“By acquiring WP, we see FIS in the early stages of eventually operating a global, modern, real-time payments platform that will be of significant benefit to the company’s financial institution and merchant clients (both existing, and future) over time.”
With the stock trading at $110.16 at the time of his report, Cantwell raised his price target for FIS from $120 to $135.
Wedbush Securities analyst Moshe Katri, who already had an “outperform” rating, said in a Friday research note that FIS was added to the “Wedbush Best Ideas List.” He raised his price target from $110 to $140.
“The combined company will be positioned to offer best-in-class enterprise banking, payments, capital markets, and global eCommerce capabilities empowering financial institutions and merchants worldwide,” Katri said.
SunTrust Robinson Humphrey analyst Andrew Jeffrey also thinks the merger makes strategic sense, but he cut his rating on FIS from “buy” to “hold” and lowered his price target $120 to $113.
“We believe Fidelity has coveted exposure to the relatively faster growing Merchant Processing industry. In this regard, we assert acquiring Worldpay makes sense,” Jeffrey said in his report.
“Although we see the strategic rationale for acquiring Worldpay, we contend Fidelity is paying at best a fair price and must generate meaningful rev synergies to achieve its long-term organic top-line goals,” he said.
FIS and Worldpay combined produced $12.3 billion in revenue last year, so the merged FIS would surpass CSX as the largest Jacksonville-based company.
Fiala leaving Regency board
Regency Centers Corp. last week said former President and Chief Operating Officer Mary Lou Fiala is retiring from the board of directors.
Fiala, a board member since 1997 who served as president from 1999 to 2009, will not stand for re-election to Regency’s board at its annual shareholders meeting (a live meeting) May 7.
While Fiala is leaving, the Jacksonville-based shopping center developer said two new directors were nominated for election, which will increase the size of the board from 11 to 12 members.
The new director nominees are Karin Klein, founding partner of venture capital firm Bloomberg Beta, and Thomas Furphy, CEO and managing director of venture capital firm Consumer Equity Partners.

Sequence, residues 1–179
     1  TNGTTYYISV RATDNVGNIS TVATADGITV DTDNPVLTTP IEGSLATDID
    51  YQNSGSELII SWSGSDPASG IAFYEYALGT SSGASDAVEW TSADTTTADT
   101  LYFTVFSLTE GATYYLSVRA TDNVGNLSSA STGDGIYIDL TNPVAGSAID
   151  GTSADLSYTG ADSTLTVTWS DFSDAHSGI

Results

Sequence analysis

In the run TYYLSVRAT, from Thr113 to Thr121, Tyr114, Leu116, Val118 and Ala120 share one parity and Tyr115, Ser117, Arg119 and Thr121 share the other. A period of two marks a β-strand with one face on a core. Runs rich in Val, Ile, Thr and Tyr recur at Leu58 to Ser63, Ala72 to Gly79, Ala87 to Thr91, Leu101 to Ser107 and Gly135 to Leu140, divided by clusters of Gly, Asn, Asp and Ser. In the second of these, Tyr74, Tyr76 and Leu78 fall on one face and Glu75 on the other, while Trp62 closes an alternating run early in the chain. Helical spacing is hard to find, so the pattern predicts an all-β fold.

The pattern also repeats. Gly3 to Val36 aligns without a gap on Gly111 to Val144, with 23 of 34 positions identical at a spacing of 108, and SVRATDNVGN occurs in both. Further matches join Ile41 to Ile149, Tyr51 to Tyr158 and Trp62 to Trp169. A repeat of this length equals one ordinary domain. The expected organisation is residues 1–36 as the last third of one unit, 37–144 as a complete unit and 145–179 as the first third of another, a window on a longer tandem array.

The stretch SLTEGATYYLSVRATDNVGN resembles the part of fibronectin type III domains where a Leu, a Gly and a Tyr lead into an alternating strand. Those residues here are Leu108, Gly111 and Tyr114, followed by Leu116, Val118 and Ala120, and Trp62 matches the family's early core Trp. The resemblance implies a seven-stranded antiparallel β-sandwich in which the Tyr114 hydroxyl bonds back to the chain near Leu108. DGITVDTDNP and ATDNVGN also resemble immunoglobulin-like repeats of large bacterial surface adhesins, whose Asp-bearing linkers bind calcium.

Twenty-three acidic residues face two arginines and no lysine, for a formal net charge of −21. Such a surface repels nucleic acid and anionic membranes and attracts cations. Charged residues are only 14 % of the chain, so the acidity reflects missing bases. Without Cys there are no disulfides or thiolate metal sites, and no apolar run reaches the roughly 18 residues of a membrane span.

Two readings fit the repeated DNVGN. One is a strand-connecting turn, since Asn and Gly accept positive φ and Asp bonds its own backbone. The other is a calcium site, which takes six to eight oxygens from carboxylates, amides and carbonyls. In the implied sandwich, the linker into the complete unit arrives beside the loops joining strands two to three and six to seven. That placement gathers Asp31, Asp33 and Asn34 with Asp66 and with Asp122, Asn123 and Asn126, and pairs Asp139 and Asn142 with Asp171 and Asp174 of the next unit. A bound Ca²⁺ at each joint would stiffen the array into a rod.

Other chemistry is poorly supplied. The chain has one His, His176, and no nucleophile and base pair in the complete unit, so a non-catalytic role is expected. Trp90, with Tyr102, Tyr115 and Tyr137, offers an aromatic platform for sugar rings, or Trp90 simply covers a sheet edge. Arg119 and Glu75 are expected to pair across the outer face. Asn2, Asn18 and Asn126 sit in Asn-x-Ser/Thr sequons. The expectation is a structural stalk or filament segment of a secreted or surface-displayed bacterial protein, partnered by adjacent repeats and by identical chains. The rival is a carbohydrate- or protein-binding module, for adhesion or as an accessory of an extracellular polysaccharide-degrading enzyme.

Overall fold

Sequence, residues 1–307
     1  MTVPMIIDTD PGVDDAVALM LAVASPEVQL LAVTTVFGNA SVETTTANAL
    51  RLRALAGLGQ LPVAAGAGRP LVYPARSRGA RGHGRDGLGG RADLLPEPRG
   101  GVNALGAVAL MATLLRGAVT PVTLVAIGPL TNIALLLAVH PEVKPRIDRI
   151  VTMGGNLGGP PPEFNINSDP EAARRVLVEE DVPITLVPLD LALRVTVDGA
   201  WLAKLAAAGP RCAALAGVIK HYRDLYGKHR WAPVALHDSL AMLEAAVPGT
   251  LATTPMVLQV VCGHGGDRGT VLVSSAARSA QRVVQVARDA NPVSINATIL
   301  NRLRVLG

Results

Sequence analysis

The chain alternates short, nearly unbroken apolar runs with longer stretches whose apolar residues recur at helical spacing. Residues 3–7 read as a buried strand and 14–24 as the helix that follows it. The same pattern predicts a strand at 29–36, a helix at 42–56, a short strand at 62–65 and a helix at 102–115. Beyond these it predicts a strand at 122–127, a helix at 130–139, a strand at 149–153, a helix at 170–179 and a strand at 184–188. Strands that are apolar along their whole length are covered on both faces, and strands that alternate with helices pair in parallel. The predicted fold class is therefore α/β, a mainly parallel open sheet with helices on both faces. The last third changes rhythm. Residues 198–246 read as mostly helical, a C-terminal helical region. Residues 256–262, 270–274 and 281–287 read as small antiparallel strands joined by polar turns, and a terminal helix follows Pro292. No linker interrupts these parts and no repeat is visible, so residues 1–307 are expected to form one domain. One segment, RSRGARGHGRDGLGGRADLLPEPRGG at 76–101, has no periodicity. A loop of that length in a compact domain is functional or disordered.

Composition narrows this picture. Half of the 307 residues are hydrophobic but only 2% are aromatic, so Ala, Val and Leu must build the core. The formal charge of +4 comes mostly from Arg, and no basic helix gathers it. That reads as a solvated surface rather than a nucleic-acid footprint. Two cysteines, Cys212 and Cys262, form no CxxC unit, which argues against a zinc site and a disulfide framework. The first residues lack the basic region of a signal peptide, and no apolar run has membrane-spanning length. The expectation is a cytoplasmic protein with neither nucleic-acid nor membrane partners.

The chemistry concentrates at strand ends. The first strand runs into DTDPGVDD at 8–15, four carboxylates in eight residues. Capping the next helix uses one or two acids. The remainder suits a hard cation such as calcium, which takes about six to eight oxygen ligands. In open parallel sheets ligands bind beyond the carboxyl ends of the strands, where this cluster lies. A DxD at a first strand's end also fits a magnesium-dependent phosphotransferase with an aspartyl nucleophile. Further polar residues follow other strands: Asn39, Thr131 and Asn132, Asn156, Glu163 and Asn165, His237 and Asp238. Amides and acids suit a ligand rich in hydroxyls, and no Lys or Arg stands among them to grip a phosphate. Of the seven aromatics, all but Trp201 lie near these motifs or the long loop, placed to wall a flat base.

“Each will bring valuable technology expertise coupled with other highly relevant perspectives on the retail industry, which will enhance our ability to ensure our strategy remains relevant in the ever-changing world of retail real estate,” CEO Hap Stein said in a news release.
Community First grows members and earnings
Community First Credit Union of Florida last week reported 2018 earnings of $20.2 million, up from $13.3 million in 2017.
Membership in the Jacksonville-based credit union rose by more than 7 percent to 134,886 and deposits grew by more than 8 percent to $1.4 billion.
Community First, which was launched in 1935 as the Duval County Teachers Credit Union, serves residents in 17 Florida counties with 19 branches.
International Baler sales fall
International Baler Corp. had a net loss of $18,788 in the first quarter ended Jan. 31, reversing a profit in the first quarter of fiscal 2018.
Sales for the Jacksonville-based manufacturer of balers used for recycling and waste disposal dropped 38 percent to $2.47 million.
International Baler said in its quarterly report filed with the SEC that the decline in sales resulted from lower shipments of auto-tie balers than in the first quarter of fiscal 2018.
Tegna buying 11 more TV stations
Tegna Inc., owner of two Jacksonville television stations and 47 others, agreed last week to buy 11 stations in eight markets from Nexstar Media Group for $740 million.
Nexstar is divesting stations as part of a planned merger with Tribune Media Co. Tegna said its deal with Nexstar is contingent on the closing of the Nexstar-Tribune merger later this year.
Virginia-based Tegna owns NBC affiliate WTLV TV-12 and ABC affiliate WJXX TV-25 in Jacksonville.